The day of reckoning for President Obama’s lawless rollout of Obamacare finally will arrive this week when the Supreme Court hears oral arguments in King v. Burwell.
When people say Obamacare is “working” the available empirical evidence suggests that these rosy assesments are either based on some other set of facts or perhaps are grounded in wishful thinking.
As the SCOTUS oral arguments in King v. Burwell draw near, the cacophony from liberal outlets is nearly deafening.
Are free annual checkups for adults good public policy? Al Lewis and Vik Khanna have taken to the Huffington Post to rebuke Republicans for their failure to attack Obamacare on this issue. One problem with their analysis: there is no such provision under Obamacare.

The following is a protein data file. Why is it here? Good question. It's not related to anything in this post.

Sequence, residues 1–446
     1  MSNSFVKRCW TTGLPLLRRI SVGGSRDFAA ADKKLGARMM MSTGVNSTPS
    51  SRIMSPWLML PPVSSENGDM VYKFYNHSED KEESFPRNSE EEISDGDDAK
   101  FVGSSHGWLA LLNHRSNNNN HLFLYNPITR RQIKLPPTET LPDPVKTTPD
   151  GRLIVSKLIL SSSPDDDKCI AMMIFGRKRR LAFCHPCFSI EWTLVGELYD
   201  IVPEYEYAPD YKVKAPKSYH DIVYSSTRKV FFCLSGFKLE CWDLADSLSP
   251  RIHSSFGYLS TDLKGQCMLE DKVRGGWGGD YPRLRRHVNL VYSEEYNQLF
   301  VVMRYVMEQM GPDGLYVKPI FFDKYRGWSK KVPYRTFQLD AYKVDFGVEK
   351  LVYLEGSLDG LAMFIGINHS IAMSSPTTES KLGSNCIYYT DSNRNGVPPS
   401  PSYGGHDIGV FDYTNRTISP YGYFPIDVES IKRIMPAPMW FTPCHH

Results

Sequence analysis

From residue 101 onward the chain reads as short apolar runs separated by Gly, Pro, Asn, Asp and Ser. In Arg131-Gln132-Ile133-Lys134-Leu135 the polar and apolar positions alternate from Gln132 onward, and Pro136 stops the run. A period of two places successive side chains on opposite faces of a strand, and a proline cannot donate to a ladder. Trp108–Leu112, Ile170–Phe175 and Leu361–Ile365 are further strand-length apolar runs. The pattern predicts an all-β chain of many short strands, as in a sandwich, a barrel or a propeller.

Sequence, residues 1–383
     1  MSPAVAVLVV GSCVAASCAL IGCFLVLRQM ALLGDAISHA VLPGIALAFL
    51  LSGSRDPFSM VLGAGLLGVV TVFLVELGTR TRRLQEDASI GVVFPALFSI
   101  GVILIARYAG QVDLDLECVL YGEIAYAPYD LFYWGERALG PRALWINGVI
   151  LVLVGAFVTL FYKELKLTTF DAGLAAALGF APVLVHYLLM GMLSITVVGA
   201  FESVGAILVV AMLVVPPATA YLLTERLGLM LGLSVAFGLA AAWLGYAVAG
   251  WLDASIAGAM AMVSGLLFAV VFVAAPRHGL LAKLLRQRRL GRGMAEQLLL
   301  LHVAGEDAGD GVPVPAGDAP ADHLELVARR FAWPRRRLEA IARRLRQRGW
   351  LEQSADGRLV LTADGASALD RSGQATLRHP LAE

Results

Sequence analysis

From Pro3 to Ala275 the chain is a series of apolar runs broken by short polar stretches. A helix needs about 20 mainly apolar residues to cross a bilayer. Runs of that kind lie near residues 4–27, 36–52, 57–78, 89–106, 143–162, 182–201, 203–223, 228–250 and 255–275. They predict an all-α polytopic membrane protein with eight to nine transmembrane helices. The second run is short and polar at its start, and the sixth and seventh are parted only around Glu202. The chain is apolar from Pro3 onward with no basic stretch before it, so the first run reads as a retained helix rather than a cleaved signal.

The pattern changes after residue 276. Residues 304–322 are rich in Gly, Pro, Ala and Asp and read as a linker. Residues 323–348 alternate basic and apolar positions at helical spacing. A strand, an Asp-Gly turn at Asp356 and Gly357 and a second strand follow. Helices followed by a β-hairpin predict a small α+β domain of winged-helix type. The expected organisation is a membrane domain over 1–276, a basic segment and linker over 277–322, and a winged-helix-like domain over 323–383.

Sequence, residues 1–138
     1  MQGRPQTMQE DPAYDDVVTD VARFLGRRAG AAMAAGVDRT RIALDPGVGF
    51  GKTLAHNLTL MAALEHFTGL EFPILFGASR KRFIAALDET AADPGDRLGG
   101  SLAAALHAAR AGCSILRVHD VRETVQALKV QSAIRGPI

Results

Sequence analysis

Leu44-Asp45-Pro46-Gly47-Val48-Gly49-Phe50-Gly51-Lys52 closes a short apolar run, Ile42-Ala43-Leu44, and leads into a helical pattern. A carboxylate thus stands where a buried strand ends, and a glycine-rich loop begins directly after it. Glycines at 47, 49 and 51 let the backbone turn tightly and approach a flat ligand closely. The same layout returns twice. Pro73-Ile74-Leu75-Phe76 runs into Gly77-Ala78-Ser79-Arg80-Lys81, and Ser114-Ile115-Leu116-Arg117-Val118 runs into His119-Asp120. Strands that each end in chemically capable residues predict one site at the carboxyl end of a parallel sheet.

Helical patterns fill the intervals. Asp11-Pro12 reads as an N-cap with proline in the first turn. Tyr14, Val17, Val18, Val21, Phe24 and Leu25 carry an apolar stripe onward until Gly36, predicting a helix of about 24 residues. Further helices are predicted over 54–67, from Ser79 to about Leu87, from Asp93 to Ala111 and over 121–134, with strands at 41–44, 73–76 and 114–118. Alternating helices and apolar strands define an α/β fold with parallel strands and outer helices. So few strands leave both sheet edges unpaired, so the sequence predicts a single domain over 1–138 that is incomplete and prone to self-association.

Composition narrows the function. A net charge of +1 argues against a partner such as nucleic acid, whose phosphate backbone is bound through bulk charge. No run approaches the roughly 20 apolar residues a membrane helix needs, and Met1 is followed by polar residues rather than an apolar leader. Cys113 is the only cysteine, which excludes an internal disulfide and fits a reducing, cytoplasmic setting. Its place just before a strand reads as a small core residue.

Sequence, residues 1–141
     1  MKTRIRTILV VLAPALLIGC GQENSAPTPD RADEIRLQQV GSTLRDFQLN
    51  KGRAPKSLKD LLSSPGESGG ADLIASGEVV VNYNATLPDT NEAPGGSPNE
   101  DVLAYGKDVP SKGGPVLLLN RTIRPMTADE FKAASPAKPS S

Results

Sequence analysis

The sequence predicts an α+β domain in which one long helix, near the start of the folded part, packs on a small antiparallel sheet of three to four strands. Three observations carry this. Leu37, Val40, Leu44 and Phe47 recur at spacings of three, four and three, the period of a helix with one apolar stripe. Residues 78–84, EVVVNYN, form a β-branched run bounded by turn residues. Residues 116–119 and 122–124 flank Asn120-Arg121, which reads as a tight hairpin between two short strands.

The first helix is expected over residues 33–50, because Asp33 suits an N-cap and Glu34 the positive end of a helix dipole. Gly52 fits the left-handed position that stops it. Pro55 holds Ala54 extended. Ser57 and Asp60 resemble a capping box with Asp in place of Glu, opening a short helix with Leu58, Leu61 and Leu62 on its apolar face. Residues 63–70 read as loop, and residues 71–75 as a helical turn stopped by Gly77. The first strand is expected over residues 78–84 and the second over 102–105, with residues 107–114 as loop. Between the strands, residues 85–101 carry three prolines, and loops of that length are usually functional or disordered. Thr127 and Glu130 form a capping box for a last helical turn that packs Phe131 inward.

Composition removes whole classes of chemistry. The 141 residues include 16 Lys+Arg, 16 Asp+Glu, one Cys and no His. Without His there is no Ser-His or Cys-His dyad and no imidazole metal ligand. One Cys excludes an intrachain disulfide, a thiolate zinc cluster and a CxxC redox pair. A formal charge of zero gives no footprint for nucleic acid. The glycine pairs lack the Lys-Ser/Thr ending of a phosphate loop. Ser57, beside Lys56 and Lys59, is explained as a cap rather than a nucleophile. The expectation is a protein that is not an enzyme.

In reaction to the House’s vote to repeal the ACA, President Obama astonishingly said the program was working better than intended. Obamacare has in fact failed on five major promises he said it would deliver.
If the president really aspires to be a transformational president, then John Goodman’s “do-n0-harm” health reform plan surely is not a bad place to start .
American physicians best look out: if Mr. Brill and like-minded reformers get their way in overregulating hospitals, physicians almost assuredly will be next on the chopping block.
The idea that Obamacare will stimulate the kind of high-impact entrepreneurship of the sort we care most about remains to be proven.
Steven Brill has correctly figured out that Obamacare will not control costs and that taxpayers will be left holding the bag. But he has far too much faith in the ability and willingness of government to tackle runaway entitlements.
In a nation so hyper-vigilant against discrimination, how did we arrive at a world in which smokers are singled out for such exceedingly harsh economic penalties?